Total for 73 day cycle

 

Off season

Contest

Total reps per cycle

690

245

Total volume per   cycle

178460 lbs

80570

 

Breakdown in halves

 

Off Season

Contest Season

Difference

1st 5   workouts reps per workout

75

40

47% less

1st 5 workouts reps total

375

160

58% less

2nd 6   workouts reps per workout

52

28

47% less

2nd 6 workouts reps total

315

85

73% less

1st 5   w/outs volume per workout

17360 lbs

15140 lbs

13% less

1st 5 workouts total volume

86800 lbs

60560 lbs

30% less

2nd 6 w/outs volume/ workout

15276 lbs

6670 lbs

47% less

2nd 6 workouts total volume

91660 lbs

20010 lbs

78% less

 

 

As you see towards the end of the contest cycle things diminish even more. My rep load is 47% less and my volume load is 67% less (then the 1st 4 contest workouts)!!

Couple of things to consider with my numbers.

  •      I train with gear on the bench 4 workouts from the meet. 4-5 max sets are with the shirt while the rest is raw. Considering 3 sets are anywhere from a 1 to a 3 board you have to discount some of the workload.
  •    In my second set of contest workouts which is a total of 3 the last one is only to my opener. Then I shut it down, maybe a couple of sets with a Titan Ram and couple of incline. In a way this workout is a deload week.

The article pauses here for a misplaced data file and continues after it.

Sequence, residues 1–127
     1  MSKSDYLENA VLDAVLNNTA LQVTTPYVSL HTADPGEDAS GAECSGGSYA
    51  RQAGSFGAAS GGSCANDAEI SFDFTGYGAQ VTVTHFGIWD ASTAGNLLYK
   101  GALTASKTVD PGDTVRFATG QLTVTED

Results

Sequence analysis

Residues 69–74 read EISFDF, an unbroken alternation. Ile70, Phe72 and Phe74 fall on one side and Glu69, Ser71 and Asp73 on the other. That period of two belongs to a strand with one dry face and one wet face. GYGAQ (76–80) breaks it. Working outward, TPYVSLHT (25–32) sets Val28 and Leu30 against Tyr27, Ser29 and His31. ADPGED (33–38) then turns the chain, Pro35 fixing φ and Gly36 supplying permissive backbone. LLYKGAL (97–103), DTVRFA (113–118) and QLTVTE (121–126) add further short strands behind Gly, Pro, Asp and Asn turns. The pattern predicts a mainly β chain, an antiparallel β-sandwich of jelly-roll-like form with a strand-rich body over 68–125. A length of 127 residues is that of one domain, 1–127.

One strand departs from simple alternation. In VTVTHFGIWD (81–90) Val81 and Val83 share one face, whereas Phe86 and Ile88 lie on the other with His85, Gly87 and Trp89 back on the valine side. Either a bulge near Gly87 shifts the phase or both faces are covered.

• The CNS has time to recover in the final week, the deload. I never find the feeling of overtraining either mentally or physically on the bench.

The negative and erroneous interpretations of the results

Give 2 people stats in anything and they can be interpreted differently. You can make what you want to with numbers. So I will save you the contrarian views.

First, some of the off season sets/reps are with weights like 275 for 8 on the bench, he is not struggling on the 8th rep. True and actually I do that weight or range maybe twice out of the 5 sets BUT factor where they are in my sets and fatigue has to be considered.